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Fundamentals of Applied Electrostatics

Joseph M. Crowley


272 pages

The most widely used textbook on electrostatics available today. Based on the author's course at the University of Illinois. Detailed explanations of concepts, applications to numerous practical applications, problem sets, and a survey of dozens of application areas ranging from electronics to medicine. Every principle and technique is illustrated by an example drawn from current practice in commercial or laboratory work.

Explains, in engineering rather than mathematical terms, the application of electrostatic principles for designing practical devices. Each part concentrates on a single electrostatic concept with application to a particular device.

This book, now in its third printing, is organized by the scale of electrostatic effect. Part One deals with electrostatic fields in a uniform linear medium. Part Two introduces particles in the field. Part Three allows for a complex continuum. Part Four describes interactions between electrostatic devices and external circuits using terminal relations.

Fundamental concepts
Voltage and electric field; charge and electric displacement; material properties (capacitance and permittivity); charge conservation and current; resistance and conductivity.
Electric fields with known voltages
Two flat layers (high voltage bushing design); coaxial cylinders (voltage rating of coaxial cables); spherical geometry (maximum charge on ink drop printer); cylinders and spheres in external fields (St. Elmo's fire; bubble breakdown in insulating oils).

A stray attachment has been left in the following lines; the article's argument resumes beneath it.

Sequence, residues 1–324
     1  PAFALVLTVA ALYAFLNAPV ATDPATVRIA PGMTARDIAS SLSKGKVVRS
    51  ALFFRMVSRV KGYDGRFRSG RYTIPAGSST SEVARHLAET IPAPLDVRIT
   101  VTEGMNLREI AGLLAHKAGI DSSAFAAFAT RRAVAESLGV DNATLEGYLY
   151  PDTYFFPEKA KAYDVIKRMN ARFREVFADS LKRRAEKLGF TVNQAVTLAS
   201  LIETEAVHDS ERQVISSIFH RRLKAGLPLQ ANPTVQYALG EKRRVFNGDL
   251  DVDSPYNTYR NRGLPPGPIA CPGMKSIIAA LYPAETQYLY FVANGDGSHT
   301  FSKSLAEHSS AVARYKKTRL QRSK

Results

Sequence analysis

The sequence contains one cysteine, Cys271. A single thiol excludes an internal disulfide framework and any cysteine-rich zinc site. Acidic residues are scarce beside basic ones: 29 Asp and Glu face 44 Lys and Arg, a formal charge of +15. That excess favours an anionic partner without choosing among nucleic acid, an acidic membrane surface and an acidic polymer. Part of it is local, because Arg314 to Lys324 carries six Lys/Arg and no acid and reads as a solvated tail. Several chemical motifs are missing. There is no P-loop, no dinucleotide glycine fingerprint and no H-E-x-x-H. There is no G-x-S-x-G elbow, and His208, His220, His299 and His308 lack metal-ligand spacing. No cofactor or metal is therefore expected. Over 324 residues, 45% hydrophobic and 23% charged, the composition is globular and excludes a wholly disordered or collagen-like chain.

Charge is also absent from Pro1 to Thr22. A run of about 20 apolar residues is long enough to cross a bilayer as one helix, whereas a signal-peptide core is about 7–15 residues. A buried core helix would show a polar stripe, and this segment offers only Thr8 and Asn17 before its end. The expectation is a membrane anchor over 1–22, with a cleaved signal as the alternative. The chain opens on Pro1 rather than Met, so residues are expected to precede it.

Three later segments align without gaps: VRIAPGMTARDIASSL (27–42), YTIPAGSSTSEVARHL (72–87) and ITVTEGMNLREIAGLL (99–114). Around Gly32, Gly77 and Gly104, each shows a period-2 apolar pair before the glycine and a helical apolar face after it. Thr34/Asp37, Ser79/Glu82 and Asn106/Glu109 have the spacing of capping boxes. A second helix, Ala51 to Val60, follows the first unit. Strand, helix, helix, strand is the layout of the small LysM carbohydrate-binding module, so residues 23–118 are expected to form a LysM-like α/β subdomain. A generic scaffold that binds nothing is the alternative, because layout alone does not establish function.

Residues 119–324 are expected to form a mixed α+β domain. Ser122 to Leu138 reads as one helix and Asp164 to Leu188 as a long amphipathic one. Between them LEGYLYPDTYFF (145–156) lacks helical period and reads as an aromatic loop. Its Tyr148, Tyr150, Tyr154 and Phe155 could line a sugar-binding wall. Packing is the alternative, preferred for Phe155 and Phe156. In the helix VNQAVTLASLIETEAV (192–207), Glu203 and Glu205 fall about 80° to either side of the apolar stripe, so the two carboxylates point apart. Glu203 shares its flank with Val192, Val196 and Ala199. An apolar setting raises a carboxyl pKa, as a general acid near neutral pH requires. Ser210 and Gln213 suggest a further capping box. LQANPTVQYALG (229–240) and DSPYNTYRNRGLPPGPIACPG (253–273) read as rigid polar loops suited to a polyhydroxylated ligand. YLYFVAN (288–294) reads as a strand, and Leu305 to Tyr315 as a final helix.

Fields caused by charges
Surface (xerographic development); space charge (grain elevator explosions); moving charge (radiation detectors).
Particle motion in known electric fields
Time-dependent fields (reflex klystrons); space-dependent fields (electron beam waist); drag forces (ink jet printers); mobility (corona charging of particles).
Charged particle conservation
Basic laws (ionization gauge); charge decay (decay of ionospheric disturbance); charge convection and characteristics (static neutralizers); diffusion (semiconductor junction potential).
Conduction and breakdown
When is conduction ohmic? (gas insulation); single species (radiation counters); multiple species (ion bombardment).
Artificial linear dielectrics; nonlinear (dielectric saturation); permanent polarization (electret microphones); piezo-and pyroelectricity (infrared television); time-varying fields (microwave ovens).
Continuum force densities
Force densities (ion drag pumps); polarization forces (spacecraft fuel management); Maxwell stress tensor (electric field meter).
Resistive circuit elements
Nonlinear resistors (varistor surge arrestors); resistors with variable geometry (field effect transistors); resistors with variable material properties (thermistor runaway).
Capacitive circuit elements
Nonlinear capacitors (varactor frequency multipliers); electromechanical current generators (rotating generation); capacitors with variable dielectrics (ferroelectric pulse generators); multiple terminals and mutual capacitance (droplet charging in ink jet printers).
Forces on lumped elements
Linear forces (electrostatic loudspeakers); torque calculation (electrostatic display signs); forces from coenergy (ferroelectric forces); forces in multiple terminal devices (electrostatic motors).